Like its predecessor, Loom II has a unique approach to additive synthesis. The technique involves combining simple sinusoidal waveforms and modulating the sound using 34 editable modules. The range of possibilities for creating diverse soundscapes is endless and potentially overwhelming when you first dive in. Yet the interface is surprisingly tactile and visual, making it easy for users new to additive synthesis. It also offers more experienced producers a broad range of parameters for carefully crafting their desired sound.
For those new to Loom, you can get a good understanding of how to build your sounds by checking out the 500 new preset patches, all of which utilise the new features. There's a new Spectral Noise section, four new modules and two sub-harmonic patrials, while the Morph Pad and New Wave gain new features and parameter options.
There are three modes and pages: Edit, Morph and Wave. The Edit mode has 12 slots, ten of which can be filled by choosing from 34 editable sound generator and modifier modules. The first and last modules cannot be switched out but you can now add spectral noise and sub-harmonics to the mix. There's also the potential to distort and modulate the distribution of the frequencies among all of the partials in the first module. The last module contains the four effects, namely distortion, modulation, delay and reverb. In the ten remaining slots, user-selectable modules interact and combine to generate a patch. Each of these modules has easily editable parameters, allowing for detailed, individual control of the patch.
The modules new to Loom II are 5-Sines, Discrete Adder, Hype and Double Wave. Hype is a filter module that boosts or cuts the low or top end. When used with sub-harmonics, it fills in and adds a lot of depth to the overall sound. All of the modules can also be automated by the envelopes and LFOs at the bottom of the Edit page. 5-Sines helps simplify the sound by only allowing the first five partials to pass through, creating a more basic sine tone. Discrete Adder enhances specific partials, thickening parts of the spectrum. This module is a subtler version of the original Adder and brings out selected partials instead of the entire spectrum, which gives it a more metallic sound. Double Wave, meanwhile, is only editable on the new Wave page. This module works like the original Wave module, which acts like a vocoder, changing the levels of the partials as they pass through your own uploaded sounds. With Loom II, you can upload two separate audio files into each wave module on the Wave page. You can further texturise and modulate the sound by sculpting the parameters on either of the source waves, changing the speed, start and end times and the balance between the two.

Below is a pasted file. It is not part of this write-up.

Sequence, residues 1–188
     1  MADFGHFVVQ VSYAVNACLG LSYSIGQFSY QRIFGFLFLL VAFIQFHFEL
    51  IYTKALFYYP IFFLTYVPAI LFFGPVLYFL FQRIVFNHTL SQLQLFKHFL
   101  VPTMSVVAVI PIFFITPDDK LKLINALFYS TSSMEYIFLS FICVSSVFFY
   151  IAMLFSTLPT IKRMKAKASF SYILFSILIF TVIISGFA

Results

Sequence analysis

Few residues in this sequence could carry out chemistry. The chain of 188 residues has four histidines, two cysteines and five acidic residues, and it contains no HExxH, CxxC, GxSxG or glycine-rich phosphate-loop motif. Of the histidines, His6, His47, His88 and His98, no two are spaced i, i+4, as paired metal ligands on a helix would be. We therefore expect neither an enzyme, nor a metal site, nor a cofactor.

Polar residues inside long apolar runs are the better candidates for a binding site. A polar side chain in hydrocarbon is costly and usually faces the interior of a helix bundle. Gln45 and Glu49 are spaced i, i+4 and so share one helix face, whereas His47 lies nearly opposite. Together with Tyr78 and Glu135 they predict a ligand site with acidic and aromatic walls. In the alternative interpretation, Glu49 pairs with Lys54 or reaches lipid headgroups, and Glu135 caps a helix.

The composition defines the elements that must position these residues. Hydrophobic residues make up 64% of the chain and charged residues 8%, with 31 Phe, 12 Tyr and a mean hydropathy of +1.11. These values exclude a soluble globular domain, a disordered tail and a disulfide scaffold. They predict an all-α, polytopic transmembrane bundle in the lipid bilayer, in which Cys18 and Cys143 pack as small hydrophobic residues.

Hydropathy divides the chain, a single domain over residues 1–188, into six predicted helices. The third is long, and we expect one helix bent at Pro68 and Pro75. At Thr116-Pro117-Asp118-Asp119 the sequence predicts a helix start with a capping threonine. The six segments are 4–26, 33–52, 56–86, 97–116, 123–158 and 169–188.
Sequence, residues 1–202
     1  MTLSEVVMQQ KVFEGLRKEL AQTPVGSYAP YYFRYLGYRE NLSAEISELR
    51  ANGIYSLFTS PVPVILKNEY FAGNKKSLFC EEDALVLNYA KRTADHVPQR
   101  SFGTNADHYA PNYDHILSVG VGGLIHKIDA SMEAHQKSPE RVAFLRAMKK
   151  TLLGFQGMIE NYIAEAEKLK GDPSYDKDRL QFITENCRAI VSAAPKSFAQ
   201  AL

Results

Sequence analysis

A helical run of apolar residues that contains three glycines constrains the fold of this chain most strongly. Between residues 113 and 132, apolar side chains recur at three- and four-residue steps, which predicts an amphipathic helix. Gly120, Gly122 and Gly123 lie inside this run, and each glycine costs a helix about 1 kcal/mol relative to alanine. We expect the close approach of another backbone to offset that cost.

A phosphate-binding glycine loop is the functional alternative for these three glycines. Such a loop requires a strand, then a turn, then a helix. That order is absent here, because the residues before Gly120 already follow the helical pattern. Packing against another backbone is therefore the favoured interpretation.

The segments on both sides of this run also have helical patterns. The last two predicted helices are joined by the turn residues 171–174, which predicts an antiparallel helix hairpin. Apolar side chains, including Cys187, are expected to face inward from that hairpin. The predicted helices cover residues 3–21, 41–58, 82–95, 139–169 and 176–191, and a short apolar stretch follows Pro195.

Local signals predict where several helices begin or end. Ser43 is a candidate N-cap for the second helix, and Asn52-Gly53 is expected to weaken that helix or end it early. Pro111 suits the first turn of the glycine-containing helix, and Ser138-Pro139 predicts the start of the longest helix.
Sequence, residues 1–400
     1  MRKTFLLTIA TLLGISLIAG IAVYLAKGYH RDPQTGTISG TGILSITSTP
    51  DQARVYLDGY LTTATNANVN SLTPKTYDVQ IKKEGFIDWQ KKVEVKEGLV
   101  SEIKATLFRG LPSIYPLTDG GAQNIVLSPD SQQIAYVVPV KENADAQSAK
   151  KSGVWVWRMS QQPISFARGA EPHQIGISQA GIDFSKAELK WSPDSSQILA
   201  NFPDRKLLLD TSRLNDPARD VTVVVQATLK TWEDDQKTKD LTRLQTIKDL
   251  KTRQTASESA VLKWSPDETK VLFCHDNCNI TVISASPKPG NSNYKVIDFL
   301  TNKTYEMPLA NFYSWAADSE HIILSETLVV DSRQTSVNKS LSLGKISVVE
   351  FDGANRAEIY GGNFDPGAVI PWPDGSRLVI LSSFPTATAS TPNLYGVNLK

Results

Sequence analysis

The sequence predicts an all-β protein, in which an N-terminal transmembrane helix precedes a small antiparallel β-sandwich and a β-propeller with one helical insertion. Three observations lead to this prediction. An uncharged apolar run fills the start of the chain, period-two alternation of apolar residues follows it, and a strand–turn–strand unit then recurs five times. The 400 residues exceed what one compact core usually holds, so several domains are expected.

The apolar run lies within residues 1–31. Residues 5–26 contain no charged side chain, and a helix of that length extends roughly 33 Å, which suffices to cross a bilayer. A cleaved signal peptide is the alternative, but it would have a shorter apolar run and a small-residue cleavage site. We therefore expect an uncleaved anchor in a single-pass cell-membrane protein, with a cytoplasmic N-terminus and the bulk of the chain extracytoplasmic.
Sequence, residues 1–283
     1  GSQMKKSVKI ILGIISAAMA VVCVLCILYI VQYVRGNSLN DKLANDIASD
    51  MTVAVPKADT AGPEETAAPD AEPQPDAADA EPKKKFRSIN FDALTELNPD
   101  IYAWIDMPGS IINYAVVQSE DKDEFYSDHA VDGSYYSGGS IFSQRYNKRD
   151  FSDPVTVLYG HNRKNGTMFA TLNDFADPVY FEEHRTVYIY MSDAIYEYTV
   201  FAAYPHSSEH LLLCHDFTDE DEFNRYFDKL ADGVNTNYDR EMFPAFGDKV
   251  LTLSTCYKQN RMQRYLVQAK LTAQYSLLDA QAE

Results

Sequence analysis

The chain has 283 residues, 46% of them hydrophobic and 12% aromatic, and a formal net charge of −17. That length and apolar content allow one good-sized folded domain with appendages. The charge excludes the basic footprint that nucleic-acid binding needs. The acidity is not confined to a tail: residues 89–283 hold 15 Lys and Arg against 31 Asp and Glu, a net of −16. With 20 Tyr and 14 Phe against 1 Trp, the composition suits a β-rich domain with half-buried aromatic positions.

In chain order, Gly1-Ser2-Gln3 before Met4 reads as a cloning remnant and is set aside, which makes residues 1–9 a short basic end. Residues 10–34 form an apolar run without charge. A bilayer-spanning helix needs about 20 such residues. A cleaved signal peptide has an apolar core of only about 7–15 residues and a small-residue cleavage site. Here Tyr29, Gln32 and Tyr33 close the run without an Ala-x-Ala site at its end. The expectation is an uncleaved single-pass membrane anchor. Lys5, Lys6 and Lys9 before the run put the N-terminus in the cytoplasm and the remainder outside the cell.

In Morph mode, there are a variety of macro-level controls to create more detailed, individual sounds. This page also contains the Morph Pad, which adds motion and momentum. It's one of the most substantial features in the Loom series. Using the macro controls, you can assign up to four variations of a sound and save them into each of the corners, labelled A, B, C and D. The process is similar to drawing in modulation envelopes, which are then set in motion. Now you can load and save morph points and paths and effect the time a signal takes to travel down its path. Then there's a looping parameter, which sets the direction of the movement along the path.
On first impression, Loom II's sound is reminiscent of DX synthesis or Casio's phase distortion synthesis. But thanks to the amount of partials and frequencies that can be added and automated with great detail, much richer sounds can be formed. There is also a large range to the types of sounds that you can create. Because of the morphing and modulating tools, sustained pads and abstract, sound design patches really shine.
The new, enhanced version seems to focus on answering user requests, adding features that go a step further than the previous version, making what was already a deep synth more complex and tonally rich. The sub-harmonics and eight voices do make it a stronger, thicker-sounding synthesiser. But in terms of dynamics, the basic skeleton of the original Loom and its user-friendly interface remains the core behind the sound. It is only available in 64-bit VST/AU, which might be a turn off for people who still use a 32-bit DAW. If you already enjoy the original Loom, there's much to be gained from updating to the newer version. As someone who prefers hardware synthesisers and Eurorack to software, Loom II, with its variety of modes and interfaces, draws on the types of working methods I love. In addition to the endless variety of mutable parameters, it gives an intriguing pull back into the possibilities of software, and at a much cheaper price than the equivalent hardware.
Ease of use: 3.9
Wed / 10 Jan 2018